By Ray Downs
By Lindsay Toler
By Danny Wicentowski
By Lindsay Toler
By RFT Staff
By Lindsay Toler
By Allison Babka
By Lindsay Toler
So he attends medical school. The Vietnam War breaks out and Silber gets a job working for the U.S. Public Health Service. They send him to Alaska. It's like the TV show Northern Exposure, a big-city Jewish doctor in the wilds of the Yukon. Silber loves every minute of it. He gets to perform procedures no medical student back in Michigan would ever have a crack at. When he has no clue what he's doing, he calls down to the Health Service headquarters in Seattle and someone gives him surgical instructions over the phone.
One day an Eskimo named Arctic Joe wanders in from the tundra. "Arctic Joe is rumored to be the greatest wolf hunter who ever lived," remembers Silber. "But at the age of 84 he's having to stop the hunt every hour to take a leak." Silber diagnoses an enlarged prostrate. He calls down to Seattle for advice and, by phone, they explain how to remove the gland. Silber performs the surgery and Arctic Joe is so happy and relieved he gives the young doctor a wolf-skin pelt as a token of gratitude. "I still have the pelt. It's beautiful," says Silber.
After two years in Alaska, Silber returns to Michigan and focuses his studies on urology. He plans on becoming an expert in kidney transplants. He gets a job as a researcher at Australia's University of Melbourne and spends the next 24 months transplanting kidneys in rats. Operating on the tiny rodents requires a steady hand, and soon Silber is skilled in the delicate craft of microsurgery. One night he's going to bed when he comments to his wife Joan: "You know, based on what I'm doing with rats I bet I could perform a vasectomy reversal on men. But there probably won't be much demand for it."
Joan then shoots up from her slumber. "I bet you'd be surprised," she says. Thirty-two years later and Silber has become one of foremost experts in fertility treatment and his expertise does not apply solely to humans.
A few years back, Silber published a paper explaining his theory on why dinosaurs became extinct atmospheric changes caused the giant reptiles to have babies all of the same sex. More recently, Silber has turned his attention to primates. Spread across his desk on the seventh floor of St. Luke's Hospital last month were dozens of slide specimens of gorilla testes. He collected the biopsies this summer from a silverback at the Pittsburgh Zoo. The research, he hopes, will help shed light on man's struggles with infertility.
"Yeah, Sherman is a bit of a mad scientist," confirms Dr. Michael DeRosa, a St. Louis obstetrician and gynecologist who assists Silber in the operating room. "But by that I mean he's always finding new and innovative ways of doing things. If you look at the number of medical firsts he has, it's just staggering. He's just got just an incredible drive to learn and an uncanny knack for knowing what's going to work and what won't. He's like no other."
Like many patients, Manju Rentala discovered Dr. Sherman Silber through www.infertile.com, his Web site. Rentala, an emergency-room physician in California, had recently turned 40 and had become gravely concerned about losing the opportunity to have a child.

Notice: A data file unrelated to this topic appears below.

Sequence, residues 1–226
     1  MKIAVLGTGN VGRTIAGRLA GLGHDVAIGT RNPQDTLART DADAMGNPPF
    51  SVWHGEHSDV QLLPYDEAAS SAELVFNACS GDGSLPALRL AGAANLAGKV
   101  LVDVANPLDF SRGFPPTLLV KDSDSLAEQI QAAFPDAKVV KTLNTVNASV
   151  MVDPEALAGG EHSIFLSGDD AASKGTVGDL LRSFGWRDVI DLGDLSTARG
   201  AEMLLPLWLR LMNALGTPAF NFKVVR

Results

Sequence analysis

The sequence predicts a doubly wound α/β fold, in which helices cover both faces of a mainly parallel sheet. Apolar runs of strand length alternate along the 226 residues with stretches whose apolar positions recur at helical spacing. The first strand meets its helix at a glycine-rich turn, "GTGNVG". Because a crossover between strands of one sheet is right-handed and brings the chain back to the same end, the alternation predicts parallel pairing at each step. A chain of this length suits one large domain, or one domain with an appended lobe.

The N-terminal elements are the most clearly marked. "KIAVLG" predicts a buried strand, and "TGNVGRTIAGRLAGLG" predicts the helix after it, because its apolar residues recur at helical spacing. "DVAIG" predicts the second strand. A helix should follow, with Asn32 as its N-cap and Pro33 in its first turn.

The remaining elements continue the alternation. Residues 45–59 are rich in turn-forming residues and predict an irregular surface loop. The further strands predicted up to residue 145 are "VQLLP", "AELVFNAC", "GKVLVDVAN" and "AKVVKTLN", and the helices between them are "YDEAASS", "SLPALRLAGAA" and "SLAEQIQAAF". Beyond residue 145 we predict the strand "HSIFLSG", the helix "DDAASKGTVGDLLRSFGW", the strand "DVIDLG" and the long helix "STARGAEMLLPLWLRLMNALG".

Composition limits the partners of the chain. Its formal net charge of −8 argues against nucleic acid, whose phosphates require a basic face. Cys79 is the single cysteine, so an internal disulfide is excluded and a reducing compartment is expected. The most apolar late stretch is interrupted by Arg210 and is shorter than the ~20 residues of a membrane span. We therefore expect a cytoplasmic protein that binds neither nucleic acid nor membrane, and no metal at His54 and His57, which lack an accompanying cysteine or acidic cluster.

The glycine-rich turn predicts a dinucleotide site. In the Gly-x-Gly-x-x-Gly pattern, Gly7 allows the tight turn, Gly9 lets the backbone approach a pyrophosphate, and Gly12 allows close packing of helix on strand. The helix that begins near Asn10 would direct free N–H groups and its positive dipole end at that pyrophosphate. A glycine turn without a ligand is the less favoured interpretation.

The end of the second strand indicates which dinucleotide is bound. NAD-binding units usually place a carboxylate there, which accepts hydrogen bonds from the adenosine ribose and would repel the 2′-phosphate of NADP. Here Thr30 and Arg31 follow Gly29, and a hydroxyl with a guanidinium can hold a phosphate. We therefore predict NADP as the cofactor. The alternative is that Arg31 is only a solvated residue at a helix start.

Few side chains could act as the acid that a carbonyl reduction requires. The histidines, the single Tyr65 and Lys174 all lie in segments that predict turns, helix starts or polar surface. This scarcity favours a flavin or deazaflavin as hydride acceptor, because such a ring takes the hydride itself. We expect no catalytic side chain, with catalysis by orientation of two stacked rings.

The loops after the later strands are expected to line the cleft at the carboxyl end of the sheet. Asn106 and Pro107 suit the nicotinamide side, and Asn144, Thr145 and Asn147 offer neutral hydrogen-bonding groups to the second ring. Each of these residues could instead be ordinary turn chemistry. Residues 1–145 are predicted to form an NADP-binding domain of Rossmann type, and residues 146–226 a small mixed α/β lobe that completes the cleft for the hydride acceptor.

"I guess I'd always expected to find a partner and have children by this point in my life, but things just didn't work out like that," says Rentala, who cites a hectic work schedule and three decades of schooling as a few of the factors contributing to her current single status. "Suddenly there was this feeling that I was running out of time. I found Dr. Silber online and scheduled a consultation last November. I found out I was right. Time was running out."
Rentala's antral-follicle count revealed just five to seven mature eggs in her ovaries. Women in their late teens, by comparison, typically have 20 to 30 mature eggs in their ovaries at any given time, indicating a far greater number of total eggs in reserve. The low number of mature eggs in Rentala's ovaries revealed she'd already begun transitioning toward menopause, making her an unlikely candidate for ovarian-tissue freezing.
"Dr. Silber recommended I freeze my eggs, and he suggested we begin right away," recalls Rentala. Now Rentala gives herself a shot of hormones each day to stimulate her ovaries to drop multiple eggs. When she's about to ovulate, she flies from San Francisco to St. Louis, where Silber and his team harvest her eggs for freezing. After three such trips, Rentala says she's produced six suitable eggs for freezing and spent nearly $50,000.
"A lot of my friends are in the same position I am," adds Rentala. "They're getting older and want to have children. They have money to afford something like this, but they'd rather hope for the best that they're able to have children in the late thirties and early forties instead of doing something about it."
Still, given the money and effort she's spent on egg freezing, Rentala admits she remains a bit skeptical. "This procedure hasn't been studied a lot, and it will probably be another ten to twenty years before it really catches on," she muses. "Until then, you can't help but wonder if it's worthwhile."